Management Accountant Store, US - Powered by Amazon
Management Accountant Store, UK Stores - Powered by Amazon, UK
Digital Store, US

You may also like to read
  1. Have Auditors failed us - Prem Sikka
  2. Does IT strategy of your company influence your career
  3. The Audit Cartel - Prem Sikka in Guardian 06- June-08
  4. How to Share Blog posts with friends 25-May-08
  5. Management Accountant Blog Home


Popular posts from this blog

Poll : Does CIMA, UK qualification add value

Poll : Does pursuing CIMA, UK qualification add value to a member of ICWAI, India ? Vote on the poll and share your thoughts by commenting the blog. Poll: Vote here I feel that if you are a member of ICWAI and you pursue CIMA, UK qualification, you are not adding any value to your skills since you will be learning the same. Once you are qualified, you are still a Cost & Management Accountant but from UK. For an employer, I would still have same skills and training on Management Accounting. However if you pursue qualification like Company Secretary or CPA or ACCA , your skills are enhanced with the knowledge gained during training and passing of exams. After qualification, you are bound to follow the CPD programs of ICWAI and other institute. In competitive world, employer look for people with multiple skills. Which one promotes you as professional better against your name: AICWA, ACMA or AICWA, ACS or AICWA, CPA or AICWA, ACCA Widgets Regards, Santosh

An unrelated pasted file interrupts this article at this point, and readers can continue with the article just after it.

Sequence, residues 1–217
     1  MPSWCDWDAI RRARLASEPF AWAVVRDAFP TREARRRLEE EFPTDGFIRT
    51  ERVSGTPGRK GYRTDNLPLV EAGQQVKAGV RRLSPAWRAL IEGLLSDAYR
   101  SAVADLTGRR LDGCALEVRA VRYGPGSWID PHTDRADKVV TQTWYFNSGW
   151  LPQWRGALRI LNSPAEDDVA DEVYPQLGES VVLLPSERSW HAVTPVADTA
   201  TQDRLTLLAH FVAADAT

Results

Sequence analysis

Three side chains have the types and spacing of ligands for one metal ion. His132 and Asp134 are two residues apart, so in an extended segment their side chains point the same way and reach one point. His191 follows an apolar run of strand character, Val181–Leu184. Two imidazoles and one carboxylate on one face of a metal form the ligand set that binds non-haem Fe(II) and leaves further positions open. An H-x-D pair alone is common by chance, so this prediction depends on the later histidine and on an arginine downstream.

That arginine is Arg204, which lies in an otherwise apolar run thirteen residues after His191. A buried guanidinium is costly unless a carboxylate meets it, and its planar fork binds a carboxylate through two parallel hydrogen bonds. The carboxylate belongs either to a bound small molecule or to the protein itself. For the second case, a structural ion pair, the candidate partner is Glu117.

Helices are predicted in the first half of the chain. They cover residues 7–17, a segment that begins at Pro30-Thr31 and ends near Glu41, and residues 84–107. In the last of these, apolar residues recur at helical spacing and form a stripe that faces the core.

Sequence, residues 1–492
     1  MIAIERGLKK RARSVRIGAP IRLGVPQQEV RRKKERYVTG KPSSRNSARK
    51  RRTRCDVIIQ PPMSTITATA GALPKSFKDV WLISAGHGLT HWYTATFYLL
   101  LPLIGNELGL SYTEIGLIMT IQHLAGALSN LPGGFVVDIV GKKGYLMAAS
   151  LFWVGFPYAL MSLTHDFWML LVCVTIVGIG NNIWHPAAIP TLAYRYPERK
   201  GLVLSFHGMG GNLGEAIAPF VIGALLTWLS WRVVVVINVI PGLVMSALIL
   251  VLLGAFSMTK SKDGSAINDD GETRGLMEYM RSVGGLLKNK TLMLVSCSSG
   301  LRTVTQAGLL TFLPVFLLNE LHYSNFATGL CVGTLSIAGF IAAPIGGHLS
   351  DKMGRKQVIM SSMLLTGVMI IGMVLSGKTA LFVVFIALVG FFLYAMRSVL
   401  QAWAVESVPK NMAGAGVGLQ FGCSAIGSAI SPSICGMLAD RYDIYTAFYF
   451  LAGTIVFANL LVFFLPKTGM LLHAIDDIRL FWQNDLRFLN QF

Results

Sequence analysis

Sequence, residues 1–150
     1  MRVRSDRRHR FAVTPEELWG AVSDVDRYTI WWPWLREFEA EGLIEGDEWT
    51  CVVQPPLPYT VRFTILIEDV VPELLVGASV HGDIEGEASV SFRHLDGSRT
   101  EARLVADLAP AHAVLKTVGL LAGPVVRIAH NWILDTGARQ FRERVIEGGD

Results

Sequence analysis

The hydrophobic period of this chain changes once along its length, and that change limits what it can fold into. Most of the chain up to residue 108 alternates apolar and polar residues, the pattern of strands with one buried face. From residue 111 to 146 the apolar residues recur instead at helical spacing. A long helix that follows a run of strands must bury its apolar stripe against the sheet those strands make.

Learning Curve Theory

Learning Curve Theory is concerned with the idea that when a new job, process or activity commences for the first time it is likely that the workforce involved will not achieve maximum efficiency immediately. Repetition of the task is likely to make the people more confident and knowledgeable and will eventually result in a more efficient and rapid operation. Eventually the learning process will stop after continually repeating the job. As a consequence the time to complete a task will initially decline and then stabilise once efficient working is achieved. The cumulative average time per unit is assumed to decrease by a constant percentage every time that output doubles. Cumulative average time refers to the average time per unit for all units produced so far, from and including the first one made. Major areas within management accounting where learning curve theory is likely to have consequences and suggest potential limitations of this theory. Areas of consequence: A Standard

Resistence to Change - Approaches of Kotter and Schlesinger

The Six (6) Change Approaches of Kotter and Schlesinger is a model to prevent, decrease or minimize resistance to change in organizations. According to Kotter and Schlesinger (1979), there are four reasons that certain people are resisting change : Parochial self-interest (some people are concerned with the implication of the change for themselves ad how it may effect their own interests, rather than considering the effects for the success of the business) Misunderstanding (communication problems; inadequate information) Low tolerance to change (certain people are very keen on security and stability in their work) Different assessments of the situation (some employees may disagree on the reasons for the change and on the advantages and disadvantages of the change process) Kotter and Schlesinger set out the following six (6) change approaches to deal with this resistance to cha